Asked about criticism from progressives over President Obama's budget deal with congressional leaders, White House senior adviser David Plouffe said Sunday that the president made tough choices on cuts but protected programs he thought were necessary.

"The president's approach ... has been -- and he stated this clearly -- we need to take a scalpel, not a machete," Plouffe said on CNN's "State of the Union." "You know, all spending is not alike. You've got to sort of go line by line, program by program. And that's what this budget debate came down to."

The budget deal, struck between the White House and House Speaker John Boehner (R-Ohio) Friday night, cuts $78 billion in federal spending compared to the president's fiscal 2011 budget request. The details of the agreement are being worked out in Congress this week.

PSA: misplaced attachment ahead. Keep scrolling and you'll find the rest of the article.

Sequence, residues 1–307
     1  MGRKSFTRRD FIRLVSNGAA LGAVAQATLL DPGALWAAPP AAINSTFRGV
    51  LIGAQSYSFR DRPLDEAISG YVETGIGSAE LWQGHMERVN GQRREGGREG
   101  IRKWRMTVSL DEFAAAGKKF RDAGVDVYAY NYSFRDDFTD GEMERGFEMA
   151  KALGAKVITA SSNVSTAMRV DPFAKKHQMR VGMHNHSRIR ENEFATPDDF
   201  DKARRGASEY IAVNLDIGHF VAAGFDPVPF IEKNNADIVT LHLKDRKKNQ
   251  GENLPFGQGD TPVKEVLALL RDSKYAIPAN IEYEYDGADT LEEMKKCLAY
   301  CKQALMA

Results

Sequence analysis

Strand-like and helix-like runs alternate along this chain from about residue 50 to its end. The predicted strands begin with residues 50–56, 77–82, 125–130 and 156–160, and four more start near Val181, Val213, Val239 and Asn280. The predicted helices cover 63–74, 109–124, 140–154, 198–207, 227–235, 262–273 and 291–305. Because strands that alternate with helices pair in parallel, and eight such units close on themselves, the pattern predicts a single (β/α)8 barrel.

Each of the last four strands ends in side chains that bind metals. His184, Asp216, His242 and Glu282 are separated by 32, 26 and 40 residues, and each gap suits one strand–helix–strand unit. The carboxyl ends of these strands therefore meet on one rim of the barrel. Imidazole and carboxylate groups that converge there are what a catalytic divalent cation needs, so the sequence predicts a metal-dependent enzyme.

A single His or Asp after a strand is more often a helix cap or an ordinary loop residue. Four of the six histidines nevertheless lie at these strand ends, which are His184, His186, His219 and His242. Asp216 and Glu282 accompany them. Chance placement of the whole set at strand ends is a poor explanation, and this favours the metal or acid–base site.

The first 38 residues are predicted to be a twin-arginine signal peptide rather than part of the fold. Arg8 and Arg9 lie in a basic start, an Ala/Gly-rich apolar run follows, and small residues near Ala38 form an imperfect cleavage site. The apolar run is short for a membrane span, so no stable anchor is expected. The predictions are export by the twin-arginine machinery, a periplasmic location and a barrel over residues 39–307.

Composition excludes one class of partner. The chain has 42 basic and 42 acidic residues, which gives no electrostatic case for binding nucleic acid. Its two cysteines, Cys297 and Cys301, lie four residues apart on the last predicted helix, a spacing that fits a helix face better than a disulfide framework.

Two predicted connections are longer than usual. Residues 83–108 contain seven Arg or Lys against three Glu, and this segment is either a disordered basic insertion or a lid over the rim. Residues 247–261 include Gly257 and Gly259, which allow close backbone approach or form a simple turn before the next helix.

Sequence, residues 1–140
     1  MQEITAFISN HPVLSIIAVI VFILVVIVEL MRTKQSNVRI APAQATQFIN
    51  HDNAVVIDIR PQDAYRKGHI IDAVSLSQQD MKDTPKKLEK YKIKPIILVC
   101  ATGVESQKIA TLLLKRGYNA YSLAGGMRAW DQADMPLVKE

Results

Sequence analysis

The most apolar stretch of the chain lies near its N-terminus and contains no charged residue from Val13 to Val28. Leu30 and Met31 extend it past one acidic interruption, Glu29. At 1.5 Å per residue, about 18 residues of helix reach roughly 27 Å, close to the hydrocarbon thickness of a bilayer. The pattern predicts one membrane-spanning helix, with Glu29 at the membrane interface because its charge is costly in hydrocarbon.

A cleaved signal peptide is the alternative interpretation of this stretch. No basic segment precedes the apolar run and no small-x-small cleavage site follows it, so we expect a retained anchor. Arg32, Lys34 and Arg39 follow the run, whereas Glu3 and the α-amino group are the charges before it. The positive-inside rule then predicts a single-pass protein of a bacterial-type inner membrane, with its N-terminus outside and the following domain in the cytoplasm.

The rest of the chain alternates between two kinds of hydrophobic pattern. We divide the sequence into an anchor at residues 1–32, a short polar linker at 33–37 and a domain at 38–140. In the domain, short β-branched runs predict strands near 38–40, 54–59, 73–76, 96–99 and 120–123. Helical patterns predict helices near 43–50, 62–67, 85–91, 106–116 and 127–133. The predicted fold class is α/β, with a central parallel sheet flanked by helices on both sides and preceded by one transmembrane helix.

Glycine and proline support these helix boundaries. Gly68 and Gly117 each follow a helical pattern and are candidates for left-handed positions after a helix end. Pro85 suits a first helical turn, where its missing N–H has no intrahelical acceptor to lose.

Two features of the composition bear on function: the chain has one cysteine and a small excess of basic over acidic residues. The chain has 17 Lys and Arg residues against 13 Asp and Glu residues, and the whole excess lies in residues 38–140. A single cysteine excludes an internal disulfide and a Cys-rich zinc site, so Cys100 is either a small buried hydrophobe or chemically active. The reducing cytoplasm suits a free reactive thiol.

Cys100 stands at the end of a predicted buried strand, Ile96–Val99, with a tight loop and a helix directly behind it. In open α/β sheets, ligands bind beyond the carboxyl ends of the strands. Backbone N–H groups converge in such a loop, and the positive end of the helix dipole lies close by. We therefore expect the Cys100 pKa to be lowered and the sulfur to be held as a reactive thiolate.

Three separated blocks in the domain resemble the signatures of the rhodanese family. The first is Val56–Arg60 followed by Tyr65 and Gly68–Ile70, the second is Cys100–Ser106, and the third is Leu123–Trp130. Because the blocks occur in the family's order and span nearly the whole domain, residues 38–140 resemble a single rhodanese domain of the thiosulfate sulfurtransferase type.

Plouffe said the president's spending compromises with Republicans stemmed from his being realistic about the current political environment.

"Listen, we live in divided government. OK, you are going to have to find common ground and move forward on anything," Plouffe said. 

"We have a responsibility to the American people to look at every allocation here and make a determination, is it working for people? Can we afford it? Is it going to help the economy? And that's what the president did. So again, this is a budget agreement and this is the principle he's going to use bringing forward."